Differentiate between motherboard components
- Expansion slots
- RAM slots
- CPU sockets
- North Bridge
- South Bridge
- CMOS battery
- Power connections and types
- Fan connectors
- Front panel connectors
- Power button
- Power light
- Drive activity lights
- Reset button
- Bus speeds
1.2 Differentiate between motherboard components
A PCs form decides its dimensions.
- ATX (Advanced Technology eXtended) is the most common form factor. It uses a soft power switch, PS/2 keyboard and mouse connectors, and re-positioned components for better air flow and easier access. An ATX board is 305mm x 244mm.
- Micro-ATX has a smaller outline. The micro ATX motherboard measures 244mm x 244mm but still provides all of the functions of the full ATX board. The smaller motherboard offers savings in terms of reduced output power supply.
- ITX- A mini-ITX (17×17 cm) is a low-power motherboard form factor .They can usually be passively cooled due to their low power intake.
An expansion slot is a connector on the board that is able to increase the functionality of a PC’s system through the expansion bus.
- PCI – Peripheral Component Interconnect. This is used for network, modem, sound, and graphics adapters and will support bus speeds 33 or 66MHz and 32-bit and 64-bit bus widths.
- PCIe – Peripheral Component Interconnect Express. PCIe hardware is compatible with PCI software on Microsoft OS. It is intended to replace PCI and AGP.
- CNR – Communications and Networking Riser. This provides modem, audio or networking functionality on a CNR card. Riser technologies are generally considered obsolete, and have been replaced by embedded components.
- AGP – Accelerated Graphics Port. This is a fast point-to-point channel for connecting a graphics card to a motherboard to assist in the acceleration of 3D graphics. This has also been deemed obsolete by PCIe.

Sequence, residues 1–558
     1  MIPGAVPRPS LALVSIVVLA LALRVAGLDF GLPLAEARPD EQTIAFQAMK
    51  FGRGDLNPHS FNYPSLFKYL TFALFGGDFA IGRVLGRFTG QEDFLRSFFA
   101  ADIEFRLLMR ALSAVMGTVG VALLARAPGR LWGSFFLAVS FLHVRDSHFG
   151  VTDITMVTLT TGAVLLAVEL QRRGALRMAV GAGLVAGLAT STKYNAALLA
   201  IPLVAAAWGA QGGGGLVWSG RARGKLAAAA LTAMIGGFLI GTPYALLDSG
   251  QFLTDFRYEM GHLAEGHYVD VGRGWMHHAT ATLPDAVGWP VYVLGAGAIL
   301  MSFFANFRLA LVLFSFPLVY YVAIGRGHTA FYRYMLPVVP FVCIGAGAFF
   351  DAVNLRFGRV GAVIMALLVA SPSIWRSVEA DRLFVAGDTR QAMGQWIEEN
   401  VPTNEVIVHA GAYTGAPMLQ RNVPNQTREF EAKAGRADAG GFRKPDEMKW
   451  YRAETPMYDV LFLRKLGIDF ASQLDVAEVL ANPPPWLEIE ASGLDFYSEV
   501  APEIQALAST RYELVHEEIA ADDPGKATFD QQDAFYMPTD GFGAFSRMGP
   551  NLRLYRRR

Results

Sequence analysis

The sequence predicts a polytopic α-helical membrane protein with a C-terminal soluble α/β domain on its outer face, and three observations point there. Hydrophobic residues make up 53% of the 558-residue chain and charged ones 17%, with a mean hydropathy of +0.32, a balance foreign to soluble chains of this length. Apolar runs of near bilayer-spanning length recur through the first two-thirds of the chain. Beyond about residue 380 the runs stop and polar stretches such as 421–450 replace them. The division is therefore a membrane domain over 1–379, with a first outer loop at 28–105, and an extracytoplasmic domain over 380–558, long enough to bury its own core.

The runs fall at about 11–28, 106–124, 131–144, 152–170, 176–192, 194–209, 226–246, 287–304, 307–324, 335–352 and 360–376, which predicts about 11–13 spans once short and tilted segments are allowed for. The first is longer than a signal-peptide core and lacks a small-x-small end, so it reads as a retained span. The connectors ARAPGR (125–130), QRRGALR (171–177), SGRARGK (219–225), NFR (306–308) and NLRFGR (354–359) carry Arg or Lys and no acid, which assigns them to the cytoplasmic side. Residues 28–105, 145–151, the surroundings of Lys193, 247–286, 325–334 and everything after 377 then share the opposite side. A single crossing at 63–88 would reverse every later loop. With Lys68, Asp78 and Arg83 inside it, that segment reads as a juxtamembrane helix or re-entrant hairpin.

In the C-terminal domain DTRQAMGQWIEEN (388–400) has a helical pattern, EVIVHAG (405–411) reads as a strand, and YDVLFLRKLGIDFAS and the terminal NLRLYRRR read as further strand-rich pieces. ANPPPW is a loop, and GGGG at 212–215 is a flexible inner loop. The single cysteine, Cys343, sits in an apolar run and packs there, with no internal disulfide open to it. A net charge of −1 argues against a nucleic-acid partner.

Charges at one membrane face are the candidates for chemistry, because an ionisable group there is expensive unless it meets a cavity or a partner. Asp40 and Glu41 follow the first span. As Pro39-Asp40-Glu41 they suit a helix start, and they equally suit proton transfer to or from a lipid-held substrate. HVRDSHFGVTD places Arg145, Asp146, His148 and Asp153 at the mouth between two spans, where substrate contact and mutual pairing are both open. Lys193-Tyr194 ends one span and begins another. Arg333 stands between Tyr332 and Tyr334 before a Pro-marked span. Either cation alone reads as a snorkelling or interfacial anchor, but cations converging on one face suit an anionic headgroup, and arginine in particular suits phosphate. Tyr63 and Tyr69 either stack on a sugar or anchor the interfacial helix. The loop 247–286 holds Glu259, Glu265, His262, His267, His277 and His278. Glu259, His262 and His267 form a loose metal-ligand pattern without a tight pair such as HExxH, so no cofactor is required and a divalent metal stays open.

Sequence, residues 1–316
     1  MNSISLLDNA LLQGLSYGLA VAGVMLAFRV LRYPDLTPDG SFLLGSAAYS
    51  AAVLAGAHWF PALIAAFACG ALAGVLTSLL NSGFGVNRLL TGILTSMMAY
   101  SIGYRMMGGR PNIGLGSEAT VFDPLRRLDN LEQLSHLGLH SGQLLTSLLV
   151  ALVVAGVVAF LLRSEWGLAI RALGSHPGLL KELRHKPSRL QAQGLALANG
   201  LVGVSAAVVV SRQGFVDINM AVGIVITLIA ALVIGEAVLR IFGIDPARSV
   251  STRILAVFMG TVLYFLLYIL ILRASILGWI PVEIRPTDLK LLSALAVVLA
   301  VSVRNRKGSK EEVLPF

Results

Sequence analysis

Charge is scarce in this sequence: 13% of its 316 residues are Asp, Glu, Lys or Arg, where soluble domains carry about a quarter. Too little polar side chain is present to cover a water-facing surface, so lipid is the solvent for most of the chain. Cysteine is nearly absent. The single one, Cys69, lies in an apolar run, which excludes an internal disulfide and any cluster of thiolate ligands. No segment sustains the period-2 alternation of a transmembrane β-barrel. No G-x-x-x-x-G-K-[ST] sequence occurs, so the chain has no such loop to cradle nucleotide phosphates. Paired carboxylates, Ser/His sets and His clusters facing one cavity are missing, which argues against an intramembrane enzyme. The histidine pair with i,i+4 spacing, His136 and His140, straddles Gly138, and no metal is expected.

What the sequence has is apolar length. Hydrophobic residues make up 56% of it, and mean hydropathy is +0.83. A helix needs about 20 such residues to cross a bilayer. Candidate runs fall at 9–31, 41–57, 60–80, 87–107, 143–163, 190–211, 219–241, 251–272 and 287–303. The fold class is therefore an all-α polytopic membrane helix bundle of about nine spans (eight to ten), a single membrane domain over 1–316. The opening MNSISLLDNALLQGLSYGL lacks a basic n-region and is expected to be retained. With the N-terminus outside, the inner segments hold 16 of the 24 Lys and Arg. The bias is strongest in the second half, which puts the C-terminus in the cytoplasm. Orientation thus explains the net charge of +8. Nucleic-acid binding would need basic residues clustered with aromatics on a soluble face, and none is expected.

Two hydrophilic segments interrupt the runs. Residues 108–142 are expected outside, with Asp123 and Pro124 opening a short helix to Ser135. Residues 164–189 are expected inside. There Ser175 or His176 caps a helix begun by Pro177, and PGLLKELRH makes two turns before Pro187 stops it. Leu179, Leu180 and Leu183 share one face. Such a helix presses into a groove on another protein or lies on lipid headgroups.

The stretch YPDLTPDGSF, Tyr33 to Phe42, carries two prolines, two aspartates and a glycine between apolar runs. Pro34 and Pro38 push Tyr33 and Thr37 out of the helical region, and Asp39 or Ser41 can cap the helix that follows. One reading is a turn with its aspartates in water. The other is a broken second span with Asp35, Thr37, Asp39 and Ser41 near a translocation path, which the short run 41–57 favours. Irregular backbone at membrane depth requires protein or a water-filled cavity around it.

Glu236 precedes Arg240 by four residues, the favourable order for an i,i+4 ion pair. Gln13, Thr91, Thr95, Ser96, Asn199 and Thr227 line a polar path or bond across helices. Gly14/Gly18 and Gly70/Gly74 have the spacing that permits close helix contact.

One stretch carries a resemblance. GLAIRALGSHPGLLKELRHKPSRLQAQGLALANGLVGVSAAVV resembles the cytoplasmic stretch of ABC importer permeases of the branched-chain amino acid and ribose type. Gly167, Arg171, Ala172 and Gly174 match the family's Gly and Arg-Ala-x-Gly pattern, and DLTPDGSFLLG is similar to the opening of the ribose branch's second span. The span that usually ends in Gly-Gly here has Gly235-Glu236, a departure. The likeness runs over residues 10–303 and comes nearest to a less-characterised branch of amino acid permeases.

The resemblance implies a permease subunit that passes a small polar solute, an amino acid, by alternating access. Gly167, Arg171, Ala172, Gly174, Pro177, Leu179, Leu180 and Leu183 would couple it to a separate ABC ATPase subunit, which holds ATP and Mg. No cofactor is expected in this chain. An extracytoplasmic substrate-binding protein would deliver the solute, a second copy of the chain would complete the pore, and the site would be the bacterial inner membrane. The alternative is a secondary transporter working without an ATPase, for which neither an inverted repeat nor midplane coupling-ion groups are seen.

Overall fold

A CPU socket is a mechanical component, mounted permanently on the motherboard. It runs mechanical and electrical connections from a microprocessor to PCB. It accommodates particular processor packages, and allows the CPU to be swapped without welding.
The Chip set is group of circuits created to offer communication between the CPU and other components throughout the computer. The north bridge is a part of the chipset, and is responsible for communication between the CPU, AGP, and the memory. Unlike the south bridge, the north bridge is directly connected and acts like a literal “bridge” for the south bridge to interact with the CPU and RAM.
CMOS (Complementary Metal-Oxide Semiconductor) is the memory in a computer motherboard that holds the BIOS settings, which gets its power from a CMOS battery. CMOS batteries will need to be replaced every 10 years if they outlive the motherboard. Wrong system date and time, or loss of BIOS settings, usually indicates it’s time to replace it.
Jumper settings are a mechanical means of setting configuration options but they are no longer widely used.
Power connections and types
The motherboard, processor, memory, chipset, integrated components (such as video, LAN, USB etc.) all require power supply, hence the need for power connections. Attaching these connectors incorrectly can cause your motherboard and or power supply to burn up. Connecting a power supply with an incompatible pin into a motherboard will result in you damaging your board and/or power supply. There are two main sets of motherboard power connectors:
1. AT/LPX Power Supply Connectors – Industry-standard motherboards use the same type of main power supply connectors which are P8 & P9 (P1&P2) and they both have 6 pins.
1. 3-pin Molex connector KK Family
This is used when connecting a fan to the. It is a rectangular female connector with two polarizing tabs.
2. 4-pin Molex connector KK Family
Front panel connectors
The front panel header is where hard disk drive activity lights, speaker, reset button, power button, PC power light, and key lock lights are connected to make them function smoothly.
A computer bus is a pathway where the processor converses with both internal and external devices. Some boards have multiple buses to enable specialization of different functions. A bus is defined by how much bit of data it can transfer at once (width) and how fast it can transfer this information (speed – MHz).
Width x speed = throughput (volume of work that a PC can do in a given time period).
- Configure and apply BIOS settings
- Compare and contrast RAM types and features
- Install and configure expansion cards
- Expansion cards
- Motherboard Components
- Computer Ports and Connections
- Optical Disk Storage Options
- Motherboard Processors and Memory
- Peripherals and Expansion
- Display Devices
- Custom Configurations